If you would like the names of the wineries I selected for this tour, send me a note.

A sidebar on Cabernet Franc:  this grape is emerging for me as a true Ontario champion, along with Chardonnay, Riesling and Pinot Noir. This is a grape which ripens earlier than Cabernet Sauvignon and which grows on hardy vine-stock able to withstand killing winter cold. Sounds like the perfect black grape for a cool-climate place like Ontario, don’t you think?

Several Ontario producers are making excellent wines from this grape, a grape that is often used in blends (Bordeaux and California for example) but which has its highest expression as the main black grape of the Loire Valley.

Cabernet Franc is THE Cabernet, as it is the parent – along with its crossing partner,  Sauvignon Blanc – of Cabernet Sauvignon. Apparently this was an accidental crossing, the story lost with the passage of time.

Oz Clarke gives the best description of the taste of C-F: “at its best Cabernet Franc has the unmistakable and ridiculously appetizing flavor of raspberries, also pebbles washed clean by pure spring water and a refreshing tang of blackcurrant leaves”.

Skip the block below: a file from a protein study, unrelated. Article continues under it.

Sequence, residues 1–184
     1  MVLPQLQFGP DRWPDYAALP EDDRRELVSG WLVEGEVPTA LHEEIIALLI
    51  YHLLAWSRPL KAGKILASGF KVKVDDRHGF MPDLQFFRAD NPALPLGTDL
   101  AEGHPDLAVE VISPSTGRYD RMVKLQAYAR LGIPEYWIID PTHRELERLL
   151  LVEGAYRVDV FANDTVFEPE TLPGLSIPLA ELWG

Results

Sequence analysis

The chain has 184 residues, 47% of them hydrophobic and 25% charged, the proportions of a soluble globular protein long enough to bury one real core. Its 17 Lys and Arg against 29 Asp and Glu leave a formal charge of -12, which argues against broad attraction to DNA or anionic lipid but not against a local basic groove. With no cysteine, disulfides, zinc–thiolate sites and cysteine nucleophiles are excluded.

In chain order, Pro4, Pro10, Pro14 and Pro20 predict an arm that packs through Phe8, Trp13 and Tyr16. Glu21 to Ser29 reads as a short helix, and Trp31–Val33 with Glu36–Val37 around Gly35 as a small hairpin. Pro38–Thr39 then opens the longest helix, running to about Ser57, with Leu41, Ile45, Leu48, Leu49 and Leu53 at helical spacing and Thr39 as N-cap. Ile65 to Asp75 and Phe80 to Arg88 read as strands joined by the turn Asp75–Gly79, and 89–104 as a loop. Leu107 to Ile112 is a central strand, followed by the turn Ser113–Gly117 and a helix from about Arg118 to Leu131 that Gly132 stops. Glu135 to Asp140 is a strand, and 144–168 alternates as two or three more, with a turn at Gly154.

There you have it: ridiculously appetizing and refreshing!  If you haven’t discovered this grape yet I recommend you check out the single varietal C-F wines made by the following Ontario makers: Norman Hardie, Rosewood, Southbrook, Stratus, Strewn and Thirty Bench.

à bientôt…

Copyright© W. John Switzer 2003 – 2013.


LCBO Vintages release – November 12, 2011

This weekend’s Vintages release is a big one:  big in number of wines, big in the prices of those wines, big in the size of the wine critic scores, big in the number of pages in the catalogue and big in the weight of the bottles.  The theme tells the story: Premium Wines for Perfect Get-Togethers.

The selection this week is a good one. There are many lesser-known icons in this release and this means they are not over-the-top in price.  Make no mistake: this is an expensive release with 46 wines, out of a total of 135 offered, priced over $35.00 per bottle.

In the WSET program we have a classification system which students apply in estimating wine price in blind tastings:  premium wines are those priced over $35.00 per bottle.  By comparison, inexpensive wines cost under$10.00 per bottle; mid-priced wines sell for $10.01 to $20.00 per bottle and high priced wines range in price between $20.01 and $35.00 per bottle. With this in mind it is no wonder we have the price skew in a release which features premium wines.